A little background
“Perry, if you want to join an organization that will always look out for you, there’s no better place than the Marine Corps”. That’s what my career counselor told me in high school back in 1983. He shared a lot of his impressions with the Corps that I don’t need to go into – most of the armed forces have a dim view of the other forces but Mr. Barnes, a 30 year Air Force retiree, had nothing but positive things to say about the Corps. So I joined, stayed in 16 years, and then was lured out by the promise of big money in Corporate America. Since I got out of the Corps in March of 2000 I have found that most former military function quite well in the civilian sector and are usually a valuable member of any team, or end up being the best managers around.
Once a Marine, always a Marine
Below I’ll discuss what it’s like having a Marine working alongside you in a civilian job. A few explanations are in order. Marines are Marines, regardless of whether they are still in the Marine Corps. “Once a Marine, always a Marine” as the saying goes. The other armed forces…not so much. I won’t get into why one service is better than the others, or how they produce intrinsically different types of people, but just understand that what I explain below goes for all former military, not just Marines…but applies in varying levels based on the Service as well as the individual. The only term I’ll use is “Marine”, because that’s where my comfort level is and it’s easier to say than “Former Military”.
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What do you get when you have a Marine working for you?
Marines have a ridiculously strong work ethic. The work ethic of a Marine is grounded in training every Marine receives and then is hardened throughout the time spent in the Corps. As with any organization, there are “slackers”, but for the most part Marines are energetic, hard working, intelligent and resourceful. Give them a direction and turn them loose. You might want to ensure they know the boundaries and limitations of what they are doing, but after that…turn them loose. The job will get done down to the last detail regardless of the obstacles-that’s what Marines have been doing for over 200 years and that’s what they’ll do for you.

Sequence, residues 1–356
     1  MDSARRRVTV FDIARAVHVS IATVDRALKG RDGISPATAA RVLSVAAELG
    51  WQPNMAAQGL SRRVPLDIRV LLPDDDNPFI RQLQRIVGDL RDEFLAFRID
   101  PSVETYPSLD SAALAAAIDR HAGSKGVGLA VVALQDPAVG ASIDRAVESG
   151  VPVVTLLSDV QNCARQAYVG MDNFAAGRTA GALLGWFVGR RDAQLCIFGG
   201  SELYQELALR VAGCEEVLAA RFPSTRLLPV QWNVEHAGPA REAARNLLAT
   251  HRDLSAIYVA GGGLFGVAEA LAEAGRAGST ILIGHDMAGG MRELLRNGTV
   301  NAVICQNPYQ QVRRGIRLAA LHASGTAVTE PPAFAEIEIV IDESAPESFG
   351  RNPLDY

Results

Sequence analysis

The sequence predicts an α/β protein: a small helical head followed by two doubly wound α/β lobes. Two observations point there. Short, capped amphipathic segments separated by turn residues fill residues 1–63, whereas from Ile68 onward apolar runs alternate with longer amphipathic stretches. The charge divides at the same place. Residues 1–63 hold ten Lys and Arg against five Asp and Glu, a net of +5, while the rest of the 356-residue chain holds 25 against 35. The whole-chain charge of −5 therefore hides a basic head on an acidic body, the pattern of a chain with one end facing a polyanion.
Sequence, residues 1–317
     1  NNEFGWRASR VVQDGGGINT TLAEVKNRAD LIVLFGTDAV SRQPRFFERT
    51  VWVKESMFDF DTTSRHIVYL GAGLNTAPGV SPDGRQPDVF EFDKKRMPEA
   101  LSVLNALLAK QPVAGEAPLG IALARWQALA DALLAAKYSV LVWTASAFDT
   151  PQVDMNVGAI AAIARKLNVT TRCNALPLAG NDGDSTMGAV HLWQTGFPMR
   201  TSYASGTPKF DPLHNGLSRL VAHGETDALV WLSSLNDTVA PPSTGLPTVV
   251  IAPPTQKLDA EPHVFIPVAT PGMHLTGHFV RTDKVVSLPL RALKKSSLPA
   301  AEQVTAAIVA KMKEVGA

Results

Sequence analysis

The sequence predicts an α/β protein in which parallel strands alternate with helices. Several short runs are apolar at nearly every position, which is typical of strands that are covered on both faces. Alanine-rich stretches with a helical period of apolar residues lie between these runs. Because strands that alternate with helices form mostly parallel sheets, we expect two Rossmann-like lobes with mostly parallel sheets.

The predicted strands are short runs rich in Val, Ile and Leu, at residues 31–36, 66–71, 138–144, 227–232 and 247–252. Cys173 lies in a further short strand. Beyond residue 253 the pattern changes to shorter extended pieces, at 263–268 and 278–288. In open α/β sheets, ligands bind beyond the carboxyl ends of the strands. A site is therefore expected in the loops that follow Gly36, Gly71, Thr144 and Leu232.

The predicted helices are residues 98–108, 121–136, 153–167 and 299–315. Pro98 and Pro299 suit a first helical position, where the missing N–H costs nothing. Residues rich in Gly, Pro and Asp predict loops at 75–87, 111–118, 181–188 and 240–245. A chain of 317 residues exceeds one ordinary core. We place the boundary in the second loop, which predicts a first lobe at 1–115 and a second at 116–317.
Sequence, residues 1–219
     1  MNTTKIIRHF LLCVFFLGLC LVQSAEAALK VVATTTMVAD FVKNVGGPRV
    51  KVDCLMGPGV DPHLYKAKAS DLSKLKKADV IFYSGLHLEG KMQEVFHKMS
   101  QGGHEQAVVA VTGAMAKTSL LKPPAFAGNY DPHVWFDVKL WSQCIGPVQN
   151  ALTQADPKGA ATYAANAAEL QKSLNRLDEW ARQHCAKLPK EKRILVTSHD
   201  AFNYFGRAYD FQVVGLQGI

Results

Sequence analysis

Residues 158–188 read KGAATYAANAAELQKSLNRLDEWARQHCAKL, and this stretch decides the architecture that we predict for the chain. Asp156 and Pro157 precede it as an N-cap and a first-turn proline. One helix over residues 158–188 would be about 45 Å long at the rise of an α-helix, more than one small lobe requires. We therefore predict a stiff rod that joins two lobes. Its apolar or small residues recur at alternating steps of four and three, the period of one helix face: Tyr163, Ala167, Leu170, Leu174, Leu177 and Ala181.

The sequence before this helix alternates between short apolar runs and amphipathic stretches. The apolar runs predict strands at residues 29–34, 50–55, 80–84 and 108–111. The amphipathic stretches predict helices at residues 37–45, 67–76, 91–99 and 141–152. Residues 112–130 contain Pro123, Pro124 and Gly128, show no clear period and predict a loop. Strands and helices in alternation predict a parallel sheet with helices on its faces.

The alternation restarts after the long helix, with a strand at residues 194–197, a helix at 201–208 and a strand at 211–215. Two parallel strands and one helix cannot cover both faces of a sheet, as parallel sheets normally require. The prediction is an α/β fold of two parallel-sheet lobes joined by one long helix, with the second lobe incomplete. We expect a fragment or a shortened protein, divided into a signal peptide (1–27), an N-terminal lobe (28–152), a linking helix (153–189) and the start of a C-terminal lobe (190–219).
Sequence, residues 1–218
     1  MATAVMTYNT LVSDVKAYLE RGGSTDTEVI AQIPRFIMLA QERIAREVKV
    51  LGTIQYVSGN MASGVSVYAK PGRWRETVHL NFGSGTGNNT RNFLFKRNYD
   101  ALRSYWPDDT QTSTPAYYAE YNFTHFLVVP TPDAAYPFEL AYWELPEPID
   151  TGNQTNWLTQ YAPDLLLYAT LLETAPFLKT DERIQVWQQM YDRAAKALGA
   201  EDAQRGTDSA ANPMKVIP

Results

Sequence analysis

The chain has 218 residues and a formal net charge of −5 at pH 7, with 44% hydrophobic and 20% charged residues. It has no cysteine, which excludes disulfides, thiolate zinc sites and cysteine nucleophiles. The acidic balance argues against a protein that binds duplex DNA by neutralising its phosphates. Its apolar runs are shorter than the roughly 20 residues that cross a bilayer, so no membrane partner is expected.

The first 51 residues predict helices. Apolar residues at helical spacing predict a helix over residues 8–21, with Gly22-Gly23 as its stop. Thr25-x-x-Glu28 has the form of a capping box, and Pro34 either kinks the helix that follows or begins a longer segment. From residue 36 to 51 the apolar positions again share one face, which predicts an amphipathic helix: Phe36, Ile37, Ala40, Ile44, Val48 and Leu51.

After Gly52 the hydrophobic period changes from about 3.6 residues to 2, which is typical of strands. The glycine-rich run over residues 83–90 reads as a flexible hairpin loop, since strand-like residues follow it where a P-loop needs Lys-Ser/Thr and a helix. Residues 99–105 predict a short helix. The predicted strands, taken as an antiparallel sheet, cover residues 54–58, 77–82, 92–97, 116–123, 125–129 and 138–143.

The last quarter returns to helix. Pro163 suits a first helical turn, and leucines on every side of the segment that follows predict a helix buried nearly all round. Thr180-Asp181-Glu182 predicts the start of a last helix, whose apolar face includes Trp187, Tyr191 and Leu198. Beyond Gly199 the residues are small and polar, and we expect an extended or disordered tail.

Marines, if ambitious, can be a handful. My first job out of the Marine Corps I found myself working for a former Army dog – this was an untenable situation as he and I just didn’t see eye-to-eye. However, he was my manager (for a very short amount of time) so I did what he said. He immediately discovered that my leadership, personality and skills placed me above most of the people on our team and put me in charge of a small group. It didn’t take long before I had his job – not sure where he is these days. So a word of caution here – if you have a Marine in your midst, understand what his/her ambitions are, feed them, and watch them take off…do it right and this Marine can make you a star in the process.